Sandakan (The Little HongKong)

July 31, 2011

Monitor Lizard

Filed under: Information — Cedric @ 10:55 am

Water monitors are large

In Sabah, there are 3 species of monitor lizards, the largest and most numerous being the Water Monitor Lizard (Varanus Salvator). It grows up to 3m long and 25 kg in weight. It is the second largest monitor lizard after the Komodo Dragon (Varanus Komodoensis), found in the island of Komodo in Indonesia.

Adult water monitors are light to dark brown to almost black in color. Juveniles often have a distinctive pattern of light yellow spots.

Monitor lizard facts

~ The other 2 species of monitor lizards in Sabah are Dumeril’s Monitor (Varanus Dumerilii) and the rough-neck monitor (Varanus Rudicollis),

~ Adult monitors dig burrows to use as sleeping dens,

~ Monitors lizards are famous for raiding poultry farms for live chickens and eggs. They are also Monitors also excavate turtle and crocodile nests for eggs.

~ Female monitors lay about 20 eggs at a time in burrows near riverbanks.

There are 61 species

Yes, there are about 61 species of monitor lizards around the world. All belong to the family Varanidae with one genus Varanus.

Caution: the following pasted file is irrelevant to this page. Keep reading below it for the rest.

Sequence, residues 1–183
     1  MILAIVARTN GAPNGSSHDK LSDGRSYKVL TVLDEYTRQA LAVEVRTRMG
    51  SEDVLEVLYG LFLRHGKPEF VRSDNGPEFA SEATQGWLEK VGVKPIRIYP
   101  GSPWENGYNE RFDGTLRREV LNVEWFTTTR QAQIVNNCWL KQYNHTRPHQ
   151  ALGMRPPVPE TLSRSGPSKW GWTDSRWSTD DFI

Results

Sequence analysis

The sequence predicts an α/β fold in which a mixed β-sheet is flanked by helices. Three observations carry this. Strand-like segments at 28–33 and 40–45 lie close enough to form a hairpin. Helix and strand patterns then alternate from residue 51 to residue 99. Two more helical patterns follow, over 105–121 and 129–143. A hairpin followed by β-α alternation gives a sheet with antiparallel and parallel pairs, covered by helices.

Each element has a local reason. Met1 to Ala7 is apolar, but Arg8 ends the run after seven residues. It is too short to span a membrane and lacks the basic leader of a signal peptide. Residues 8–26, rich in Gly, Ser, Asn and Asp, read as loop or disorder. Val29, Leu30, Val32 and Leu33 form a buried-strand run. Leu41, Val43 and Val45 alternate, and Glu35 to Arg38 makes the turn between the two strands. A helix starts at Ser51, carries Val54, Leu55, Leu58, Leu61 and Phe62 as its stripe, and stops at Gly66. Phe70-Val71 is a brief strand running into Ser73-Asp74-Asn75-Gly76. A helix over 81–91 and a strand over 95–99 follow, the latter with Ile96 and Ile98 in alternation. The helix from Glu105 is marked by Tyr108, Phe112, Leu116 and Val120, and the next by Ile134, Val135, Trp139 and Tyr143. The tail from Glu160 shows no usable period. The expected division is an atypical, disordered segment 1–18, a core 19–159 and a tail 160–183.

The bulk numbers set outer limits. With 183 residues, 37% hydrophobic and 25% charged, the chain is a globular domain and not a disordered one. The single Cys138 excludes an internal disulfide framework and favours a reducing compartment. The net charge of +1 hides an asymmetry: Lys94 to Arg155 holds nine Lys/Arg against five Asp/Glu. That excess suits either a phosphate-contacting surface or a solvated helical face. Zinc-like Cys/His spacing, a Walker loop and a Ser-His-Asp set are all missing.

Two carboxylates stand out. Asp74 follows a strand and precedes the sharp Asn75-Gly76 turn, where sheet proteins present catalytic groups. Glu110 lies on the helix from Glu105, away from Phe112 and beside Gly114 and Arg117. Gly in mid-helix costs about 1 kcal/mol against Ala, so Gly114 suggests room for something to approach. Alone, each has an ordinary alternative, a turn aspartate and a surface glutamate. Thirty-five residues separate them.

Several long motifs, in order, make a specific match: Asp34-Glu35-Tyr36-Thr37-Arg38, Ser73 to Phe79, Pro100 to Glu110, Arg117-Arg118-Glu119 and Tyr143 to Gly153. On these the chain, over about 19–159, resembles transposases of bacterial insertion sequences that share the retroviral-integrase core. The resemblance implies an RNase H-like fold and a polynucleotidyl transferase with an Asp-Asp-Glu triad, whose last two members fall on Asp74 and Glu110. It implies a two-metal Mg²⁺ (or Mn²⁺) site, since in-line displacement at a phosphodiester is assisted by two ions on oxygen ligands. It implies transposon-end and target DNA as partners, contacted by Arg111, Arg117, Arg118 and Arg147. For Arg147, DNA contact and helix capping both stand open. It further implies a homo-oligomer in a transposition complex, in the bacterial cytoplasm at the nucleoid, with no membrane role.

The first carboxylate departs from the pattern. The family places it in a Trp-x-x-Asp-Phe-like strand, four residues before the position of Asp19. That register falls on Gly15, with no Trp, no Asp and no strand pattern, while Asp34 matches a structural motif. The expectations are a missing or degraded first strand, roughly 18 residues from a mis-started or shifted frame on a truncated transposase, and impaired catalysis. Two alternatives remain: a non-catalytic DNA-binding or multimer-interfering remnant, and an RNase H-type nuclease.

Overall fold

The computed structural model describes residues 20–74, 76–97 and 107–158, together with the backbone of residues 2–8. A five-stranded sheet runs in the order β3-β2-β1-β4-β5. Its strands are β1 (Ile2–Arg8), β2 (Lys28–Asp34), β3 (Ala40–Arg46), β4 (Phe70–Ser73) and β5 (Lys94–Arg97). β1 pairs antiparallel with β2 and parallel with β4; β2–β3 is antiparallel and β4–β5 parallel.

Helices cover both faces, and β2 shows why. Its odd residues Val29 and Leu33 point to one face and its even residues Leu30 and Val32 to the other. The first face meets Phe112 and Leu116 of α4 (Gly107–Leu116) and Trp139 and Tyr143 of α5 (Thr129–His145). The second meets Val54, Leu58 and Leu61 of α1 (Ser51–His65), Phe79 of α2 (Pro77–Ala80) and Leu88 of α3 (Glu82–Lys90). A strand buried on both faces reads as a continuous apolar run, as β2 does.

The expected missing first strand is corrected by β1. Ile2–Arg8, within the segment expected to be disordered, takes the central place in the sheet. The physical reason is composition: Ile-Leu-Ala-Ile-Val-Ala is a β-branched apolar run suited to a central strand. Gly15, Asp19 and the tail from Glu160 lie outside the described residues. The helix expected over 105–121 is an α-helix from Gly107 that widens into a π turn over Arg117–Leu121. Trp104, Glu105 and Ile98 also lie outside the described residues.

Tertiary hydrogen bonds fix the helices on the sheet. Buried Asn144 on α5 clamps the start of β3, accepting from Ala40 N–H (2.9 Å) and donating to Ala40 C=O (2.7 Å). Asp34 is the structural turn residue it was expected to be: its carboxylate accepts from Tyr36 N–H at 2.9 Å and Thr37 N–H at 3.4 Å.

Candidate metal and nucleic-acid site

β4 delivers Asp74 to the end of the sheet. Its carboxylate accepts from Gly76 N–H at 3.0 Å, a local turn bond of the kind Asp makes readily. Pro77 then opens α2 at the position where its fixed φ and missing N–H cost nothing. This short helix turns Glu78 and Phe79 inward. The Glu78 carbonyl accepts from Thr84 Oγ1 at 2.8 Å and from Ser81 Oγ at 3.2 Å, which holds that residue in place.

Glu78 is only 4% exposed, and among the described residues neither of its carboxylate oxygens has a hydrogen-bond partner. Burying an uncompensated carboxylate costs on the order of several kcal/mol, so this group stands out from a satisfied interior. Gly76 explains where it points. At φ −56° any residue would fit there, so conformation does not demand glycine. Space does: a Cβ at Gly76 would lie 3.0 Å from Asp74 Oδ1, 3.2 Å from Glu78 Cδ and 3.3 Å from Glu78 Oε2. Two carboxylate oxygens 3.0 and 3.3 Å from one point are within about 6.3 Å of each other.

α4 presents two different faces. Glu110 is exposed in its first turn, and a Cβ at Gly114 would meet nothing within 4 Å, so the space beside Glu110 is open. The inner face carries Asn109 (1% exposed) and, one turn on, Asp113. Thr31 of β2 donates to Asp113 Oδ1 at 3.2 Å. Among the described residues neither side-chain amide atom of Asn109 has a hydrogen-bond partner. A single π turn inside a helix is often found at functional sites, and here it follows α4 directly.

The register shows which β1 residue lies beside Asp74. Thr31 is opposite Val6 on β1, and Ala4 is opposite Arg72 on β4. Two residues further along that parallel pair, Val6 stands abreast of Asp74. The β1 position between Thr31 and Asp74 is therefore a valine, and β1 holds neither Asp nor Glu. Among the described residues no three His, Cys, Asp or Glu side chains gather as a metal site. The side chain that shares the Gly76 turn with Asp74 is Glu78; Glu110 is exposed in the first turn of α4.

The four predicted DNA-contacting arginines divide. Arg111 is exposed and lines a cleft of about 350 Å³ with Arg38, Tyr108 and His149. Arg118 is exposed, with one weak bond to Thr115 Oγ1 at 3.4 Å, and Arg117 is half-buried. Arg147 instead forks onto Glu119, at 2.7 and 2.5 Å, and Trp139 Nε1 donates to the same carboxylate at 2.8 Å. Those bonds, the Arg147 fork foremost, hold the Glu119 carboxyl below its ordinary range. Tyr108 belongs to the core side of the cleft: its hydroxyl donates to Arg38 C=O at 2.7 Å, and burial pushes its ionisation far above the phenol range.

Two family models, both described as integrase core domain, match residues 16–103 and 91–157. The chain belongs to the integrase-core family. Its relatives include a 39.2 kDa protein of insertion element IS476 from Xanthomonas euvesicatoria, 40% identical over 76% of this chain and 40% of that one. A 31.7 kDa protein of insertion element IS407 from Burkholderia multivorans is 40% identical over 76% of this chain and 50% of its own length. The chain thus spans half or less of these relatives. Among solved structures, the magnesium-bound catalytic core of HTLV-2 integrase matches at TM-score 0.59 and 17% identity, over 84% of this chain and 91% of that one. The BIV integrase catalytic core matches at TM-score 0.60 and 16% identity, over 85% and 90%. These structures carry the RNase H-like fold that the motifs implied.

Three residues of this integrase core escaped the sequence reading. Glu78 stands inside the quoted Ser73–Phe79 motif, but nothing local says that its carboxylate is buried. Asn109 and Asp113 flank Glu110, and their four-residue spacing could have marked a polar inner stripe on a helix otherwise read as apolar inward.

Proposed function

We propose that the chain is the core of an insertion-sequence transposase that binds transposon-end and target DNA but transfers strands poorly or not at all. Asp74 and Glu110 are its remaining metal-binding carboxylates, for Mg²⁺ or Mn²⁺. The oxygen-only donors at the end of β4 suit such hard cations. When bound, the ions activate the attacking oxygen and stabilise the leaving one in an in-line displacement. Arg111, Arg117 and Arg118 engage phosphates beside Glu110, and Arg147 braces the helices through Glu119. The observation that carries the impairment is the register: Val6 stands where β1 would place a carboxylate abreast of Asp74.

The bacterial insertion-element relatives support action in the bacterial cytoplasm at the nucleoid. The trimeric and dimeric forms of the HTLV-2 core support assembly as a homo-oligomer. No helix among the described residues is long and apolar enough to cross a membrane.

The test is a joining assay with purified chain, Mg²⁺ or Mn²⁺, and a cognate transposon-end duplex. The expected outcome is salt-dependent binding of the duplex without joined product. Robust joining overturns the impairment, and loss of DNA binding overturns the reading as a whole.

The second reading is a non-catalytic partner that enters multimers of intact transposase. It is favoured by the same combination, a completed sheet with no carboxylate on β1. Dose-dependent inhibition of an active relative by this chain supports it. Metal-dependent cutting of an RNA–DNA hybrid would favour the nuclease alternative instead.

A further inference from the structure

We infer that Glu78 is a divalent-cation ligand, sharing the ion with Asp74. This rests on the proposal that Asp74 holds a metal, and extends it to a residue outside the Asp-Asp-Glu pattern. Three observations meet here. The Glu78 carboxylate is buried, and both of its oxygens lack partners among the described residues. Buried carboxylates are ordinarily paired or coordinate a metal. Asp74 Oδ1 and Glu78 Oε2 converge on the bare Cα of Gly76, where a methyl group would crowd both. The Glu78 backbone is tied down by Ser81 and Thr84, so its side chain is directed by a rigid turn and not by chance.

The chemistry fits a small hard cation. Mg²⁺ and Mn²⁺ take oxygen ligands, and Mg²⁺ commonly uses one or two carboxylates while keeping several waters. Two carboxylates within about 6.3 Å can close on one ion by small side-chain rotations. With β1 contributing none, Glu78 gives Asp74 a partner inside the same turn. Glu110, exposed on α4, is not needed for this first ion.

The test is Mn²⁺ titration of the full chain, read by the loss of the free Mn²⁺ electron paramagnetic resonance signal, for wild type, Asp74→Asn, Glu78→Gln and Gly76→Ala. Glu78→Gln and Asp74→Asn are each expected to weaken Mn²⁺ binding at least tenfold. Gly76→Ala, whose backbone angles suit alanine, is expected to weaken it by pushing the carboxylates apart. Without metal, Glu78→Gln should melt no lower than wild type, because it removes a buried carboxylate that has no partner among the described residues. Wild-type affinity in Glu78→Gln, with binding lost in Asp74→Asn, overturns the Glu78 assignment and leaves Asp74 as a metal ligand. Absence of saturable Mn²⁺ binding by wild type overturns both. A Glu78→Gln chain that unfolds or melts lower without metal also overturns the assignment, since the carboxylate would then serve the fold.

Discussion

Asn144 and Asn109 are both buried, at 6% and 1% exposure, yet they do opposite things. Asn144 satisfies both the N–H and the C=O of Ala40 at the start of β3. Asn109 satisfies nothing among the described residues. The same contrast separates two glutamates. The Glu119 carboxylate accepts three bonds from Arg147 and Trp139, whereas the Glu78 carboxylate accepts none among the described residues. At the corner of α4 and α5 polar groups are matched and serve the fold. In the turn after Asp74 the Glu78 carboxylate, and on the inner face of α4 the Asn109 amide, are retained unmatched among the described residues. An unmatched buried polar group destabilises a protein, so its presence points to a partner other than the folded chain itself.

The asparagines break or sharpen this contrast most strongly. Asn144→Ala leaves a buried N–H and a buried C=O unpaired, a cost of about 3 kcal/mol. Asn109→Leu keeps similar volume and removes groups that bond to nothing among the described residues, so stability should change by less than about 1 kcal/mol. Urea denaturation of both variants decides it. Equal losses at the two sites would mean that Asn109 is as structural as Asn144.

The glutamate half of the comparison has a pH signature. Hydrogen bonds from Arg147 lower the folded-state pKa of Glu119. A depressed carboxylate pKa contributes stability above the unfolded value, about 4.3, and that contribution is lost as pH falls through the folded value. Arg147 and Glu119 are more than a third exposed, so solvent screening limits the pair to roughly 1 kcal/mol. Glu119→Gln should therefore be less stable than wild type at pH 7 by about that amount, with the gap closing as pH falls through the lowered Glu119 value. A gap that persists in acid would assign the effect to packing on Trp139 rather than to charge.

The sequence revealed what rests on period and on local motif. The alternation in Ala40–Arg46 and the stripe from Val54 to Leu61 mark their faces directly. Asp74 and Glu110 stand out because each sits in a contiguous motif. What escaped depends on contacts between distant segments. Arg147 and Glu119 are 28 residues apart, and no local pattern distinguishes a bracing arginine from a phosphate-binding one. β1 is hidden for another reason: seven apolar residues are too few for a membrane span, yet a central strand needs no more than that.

Water monitors are perhaps the most common species of monitor lizards in Asia. They can found from Sri Lanka, India, Indochina, Southeast Asia to the various islands of Indonesia.

They don’t chew their food!

Water monitors are carnivorous and hunt for live prey such as crabs, insects, birds, fishes, amphibians and rodents. Although they all have sharp teeth, water monitors don’t chew their food: they swallow their prey whole!

They can run fast & climb trees too!

Water monitor lizards are highly mobile. They swim well and have even been seen swimming far out at sea. They can remain underwater for up to half an hour!

They run fast for their size as they have powerful leg muscles. In fact, they are faster than most of us can run!

They also climb well, to search for food as well as to escape predators, using their strong curved claws. The young usually stay in trees for safety. If comered up a tree, they will jump into the safety of a stream or river.


1 Comment »

  1. do u think crocs could climb trees too? why not?

    Comment by Croc Hunter — August 9, 2011 @ 3:33 am | Reply

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